Sunday, June 28, 2015

It's All Bad

But God’s Good

Dresden after Bombing

Old Testament: Lamentations 3:22-33 (KJV)

22 It is of the Lord's mercies that we are not consumed, because his compassions fail not.
23 They are new every morning: great is thy faithfulness.
24 The Lord is my portion, saith my soul; therefore will I hope in him.
25 The Lord is good unto them that wait for him, to the soul that seeketh him.
26 It is good that a man should both hope and quietly wait for the salvation of the Lord.
27 It is good for a man that he bear the yoke in his youth.
28 He sitteth alone and keepeth silence, because he hath borne it upon him.
29 He putteth his mouth in the dust; if so be there may be hope.
30 He giveth his cheek to him that smiteth him: he is filled full with reproach.
31 For the Lord will not cast off for ever:
32 But though he cause grief, yet will he have compassion according to the multitude of his mercies.
33 For he doth not afflict willingly nor grieve the children of men.

When my wife accuses me of being a pessimist, I say, “No I’m a realist.”  I felt vindicated when I read a report that said that pessimists are in closer touch with reality than optimists.

Sometimes reality is dark, and it seems nearly impossible to find even a faint glimmer of light. That’s the setting of the book of Lamentations.

1. Sin’s Devastations

  Put yourself in the shoes of a believer walking
         around Jerusalem a few years after 587 B.C.

a.What you see. What do you see?

Destruction. You see a destruction  following the Babylonian invasion of Judah and the fall of Jerusalem. The city walls are broken down. The houses and buildings lie in rubble. The Temple has been destroyed. Perhaps you have seen pictures of fire-bombed Dresden, Germany, or Hiroshima or Nagasaki after the atomic bombs. You would see something similar in ransacked Jerusalem.

Depopulation. You see a city lacking population. Many have been killed in the war. Others, especially the young, the educated, and the skilled were deported to Babylon. Those left behind are mainly the old and weak who are unable to do any rebuilding.

Starvation. People do not have food. That usually accompanies the devastation of war. After World War II the people of Europe, especially Germany, had very little to eat. Army policy forbad sharing leftover food with the population, and caloric intake fell to 1000-1200 daily, 2000 fewer calories than the average American. It was worse in Jerusalem. The writer says:

“All her people groan as they search for bread” (1:1:11). 

“...infants and babies faint in the streets of the city. They cry to their mothers, ‘Where is the food and the wine?’ (2:11.12) 

“Happier were the victims of the sword than the victims of hunger...the hands of compassionate women have boiled their own children” (4:9,10).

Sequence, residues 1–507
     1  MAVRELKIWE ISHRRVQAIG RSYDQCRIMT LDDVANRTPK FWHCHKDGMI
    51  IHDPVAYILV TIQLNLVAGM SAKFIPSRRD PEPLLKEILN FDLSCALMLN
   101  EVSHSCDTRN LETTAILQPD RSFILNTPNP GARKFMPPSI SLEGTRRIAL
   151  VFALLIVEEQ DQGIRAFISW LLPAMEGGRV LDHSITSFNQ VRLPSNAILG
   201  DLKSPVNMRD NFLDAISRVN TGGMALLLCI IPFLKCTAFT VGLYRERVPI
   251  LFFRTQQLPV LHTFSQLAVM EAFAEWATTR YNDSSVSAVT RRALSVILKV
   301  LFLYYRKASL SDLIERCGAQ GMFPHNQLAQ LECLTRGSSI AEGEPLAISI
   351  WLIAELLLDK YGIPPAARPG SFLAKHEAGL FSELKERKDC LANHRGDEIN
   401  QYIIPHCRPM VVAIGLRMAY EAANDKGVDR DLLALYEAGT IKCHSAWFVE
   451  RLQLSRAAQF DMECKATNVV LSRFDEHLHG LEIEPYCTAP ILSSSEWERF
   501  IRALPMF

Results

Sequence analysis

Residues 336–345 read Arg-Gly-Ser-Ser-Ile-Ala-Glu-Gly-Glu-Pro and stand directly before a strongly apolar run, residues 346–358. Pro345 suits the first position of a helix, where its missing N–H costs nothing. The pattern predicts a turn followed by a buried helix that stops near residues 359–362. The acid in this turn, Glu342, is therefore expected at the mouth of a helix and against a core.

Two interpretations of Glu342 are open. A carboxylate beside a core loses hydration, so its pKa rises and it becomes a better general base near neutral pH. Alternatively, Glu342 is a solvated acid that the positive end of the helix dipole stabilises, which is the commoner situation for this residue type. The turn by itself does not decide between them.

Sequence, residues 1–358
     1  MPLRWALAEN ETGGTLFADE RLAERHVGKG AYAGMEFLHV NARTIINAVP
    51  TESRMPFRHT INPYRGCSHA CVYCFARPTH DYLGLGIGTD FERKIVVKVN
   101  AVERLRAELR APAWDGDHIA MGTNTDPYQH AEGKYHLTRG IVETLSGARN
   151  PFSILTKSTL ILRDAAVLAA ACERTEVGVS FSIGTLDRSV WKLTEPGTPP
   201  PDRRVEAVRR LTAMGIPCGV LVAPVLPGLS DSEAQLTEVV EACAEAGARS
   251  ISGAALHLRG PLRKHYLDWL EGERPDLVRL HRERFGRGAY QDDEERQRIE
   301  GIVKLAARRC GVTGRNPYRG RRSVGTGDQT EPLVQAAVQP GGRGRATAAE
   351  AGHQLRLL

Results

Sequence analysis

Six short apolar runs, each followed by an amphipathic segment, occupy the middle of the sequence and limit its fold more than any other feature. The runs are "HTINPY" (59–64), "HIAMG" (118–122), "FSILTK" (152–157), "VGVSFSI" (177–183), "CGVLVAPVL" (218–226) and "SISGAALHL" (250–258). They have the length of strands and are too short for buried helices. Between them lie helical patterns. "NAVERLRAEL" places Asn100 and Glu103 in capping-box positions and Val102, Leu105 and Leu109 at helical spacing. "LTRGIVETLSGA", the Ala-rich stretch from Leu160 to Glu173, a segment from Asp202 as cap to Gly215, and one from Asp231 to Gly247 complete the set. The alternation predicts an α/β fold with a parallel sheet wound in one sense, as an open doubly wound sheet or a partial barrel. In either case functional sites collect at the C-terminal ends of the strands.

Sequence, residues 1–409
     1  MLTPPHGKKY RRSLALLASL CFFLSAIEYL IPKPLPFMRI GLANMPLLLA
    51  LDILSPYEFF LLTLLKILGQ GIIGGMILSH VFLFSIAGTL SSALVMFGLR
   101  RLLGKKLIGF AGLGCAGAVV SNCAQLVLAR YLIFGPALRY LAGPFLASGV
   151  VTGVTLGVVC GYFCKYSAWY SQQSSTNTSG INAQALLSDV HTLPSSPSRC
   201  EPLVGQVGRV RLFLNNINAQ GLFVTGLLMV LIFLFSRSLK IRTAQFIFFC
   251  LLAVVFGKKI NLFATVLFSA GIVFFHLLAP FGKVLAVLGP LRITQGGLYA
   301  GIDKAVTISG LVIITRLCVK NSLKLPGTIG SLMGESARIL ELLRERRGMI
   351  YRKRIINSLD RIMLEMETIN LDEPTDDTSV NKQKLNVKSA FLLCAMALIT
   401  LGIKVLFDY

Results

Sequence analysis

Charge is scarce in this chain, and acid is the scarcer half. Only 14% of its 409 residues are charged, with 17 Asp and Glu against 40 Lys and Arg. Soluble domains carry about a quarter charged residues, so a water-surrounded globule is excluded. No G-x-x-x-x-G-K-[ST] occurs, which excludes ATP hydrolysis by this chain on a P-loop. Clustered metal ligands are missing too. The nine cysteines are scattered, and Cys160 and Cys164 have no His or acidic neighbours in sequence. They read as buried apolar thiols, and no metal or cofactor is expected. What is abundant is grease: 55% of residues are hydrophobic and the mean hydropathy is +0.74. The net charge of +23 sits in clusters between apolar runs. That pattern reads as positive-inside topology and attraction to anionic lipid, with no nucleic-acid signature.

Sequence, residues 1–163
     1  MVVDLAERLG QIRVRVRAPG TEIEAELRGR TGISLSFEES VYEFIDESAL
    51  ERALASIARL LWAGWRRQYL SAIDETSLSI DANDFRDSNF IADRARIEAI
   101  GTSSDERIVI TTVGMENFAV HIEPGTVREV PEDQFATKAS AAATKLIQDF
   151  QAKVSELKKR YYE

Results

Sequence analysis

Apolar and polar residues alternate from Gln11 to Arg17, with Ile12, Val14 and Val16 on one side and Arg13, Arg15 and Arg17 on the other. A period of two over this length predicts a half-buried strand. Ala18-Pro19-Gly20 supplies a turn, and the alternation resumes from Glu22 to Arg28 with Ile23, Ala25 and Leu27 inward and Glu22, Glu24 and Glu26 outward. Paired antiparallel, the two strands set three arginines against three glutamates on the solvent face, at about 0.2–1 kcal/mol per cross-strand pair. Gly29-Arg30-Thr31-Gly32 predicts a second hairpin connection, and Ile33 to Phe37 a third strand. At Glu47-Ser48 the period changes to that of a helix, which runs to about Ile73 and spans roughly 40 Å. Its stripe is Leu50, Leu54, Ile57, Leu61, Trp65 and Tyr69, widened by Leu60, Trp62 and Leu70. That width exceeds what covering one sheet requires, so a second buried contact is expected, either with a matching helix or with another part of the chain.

b. What you feel. As you look at your city, you have experiences of emotion.

Corporate. You feel what the community feels. As a community they are close to despair, and say, as though they were one person: 

“How lonely sits the city that was full of people!” (1:1)

“O, Lord behold my affliction, for the enemy has triumphed.’(1:9)

“Is it nothing to you, all you who pass by? Look and see if there is any sorrow like my sorrow, which was brought upon me.” (1:12)

“Look, O Lord, and see! With whom have you dealt thus?” (2:20) 

“Remember, O LORD, what has befallen us; look, and see our disgrace!” (5:1)

Total devastation has led to almost total despair.

Personal. This is something the community goes through, but also something you feel personally. It is corporate tragedy, but also personal tragedy: 

“I am a man who has seen affliction under the rod of his (God’s) wrath; he has driven me and brought my into darkness without any light; surely against me he turns his hand again and again the whole day long” (3:1-3). 

“ soul is bereft of peace; I have forgotten what happiness is; so I say, ‘My endurance has perished; so has my help form the LORD.’” (3:17,18)

The writer feels the depths of despair as he lives through what has happened to his city.

c. What you know. If you are walking in this man’s shoes in Jerusalem, you know two things.

God. You know this is God’s doing. The writer repeats this so often, there can be no doubt that he means that God has caused all this destruction:

“...the Lord gave me into the hands of those I cannot withstand” (1:14). 

“The Lord determined to lay in ruins the walls of the daughter of Zion; he stretched out the measuring line; he did not restrain his hand from destroying… (2:8).

“The Lord has done what he purposed; he has carried out his word… (2:17).

Who has spoken and it came to pass,unless the Lord commanded it? Is it not from the mouth of the most high that both good and bad come?” (3:37,38).